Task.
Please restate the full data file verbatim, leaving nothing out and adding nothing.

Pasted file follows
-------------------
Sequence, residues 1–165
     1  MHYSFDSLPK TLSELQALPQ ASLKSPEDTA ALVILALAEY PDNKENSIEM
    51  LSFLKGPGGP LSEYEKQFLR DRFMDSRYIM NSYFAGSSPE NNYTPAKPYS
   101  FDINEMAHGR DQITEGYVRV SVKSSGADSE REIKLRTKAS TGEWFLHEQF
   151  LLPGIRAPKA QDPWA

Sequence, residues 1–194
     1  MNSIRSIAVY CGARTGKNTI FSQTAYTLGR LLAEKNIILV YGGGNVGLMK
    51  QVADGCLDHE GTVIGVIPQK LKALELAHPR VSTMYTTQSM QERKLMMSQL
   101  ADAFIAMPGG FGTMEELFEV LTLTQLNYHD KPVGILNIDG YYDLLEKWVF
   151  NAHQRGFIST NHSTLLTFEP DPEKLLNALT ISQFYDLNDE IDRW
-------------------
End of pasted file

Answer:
Sequence, residues 1–165
     1  MHYSFDSLPK TLSELQALPQ ASLKSPEDTA ALVILALAEY PDNKENSIEM
    51  LSFLKGPGGP LSEYEKQFLR DRFMDSRYIM NSYFAGSSPE NNYTPAKPYS
   101  FDINEMAHGR DQITEGYVRV SVKSSGADSE REIKLRTKAS TGEWFLHEQF
   151  LLPGIRAPKA QDPWA

Sequence, residues 1–194
     1  MNSIRSIAVY CGARTGKNTI FSQTAYTLGR LLAEKNIILV YGGGNVGLMK
    51  QVADGCLDHE GTVIGVIPQK LKALELAHPR VSTMYTTQSM QERKLMMSQL
   101  ADAFIAMPGG FGTMEELFEV LTLTQLNYHD KPVGILNIDG YYDLLEKWVF
   151  NAHQRGFIST NHSTLLTFEP DPEKLLNALT ISQFYDLNDE IDRW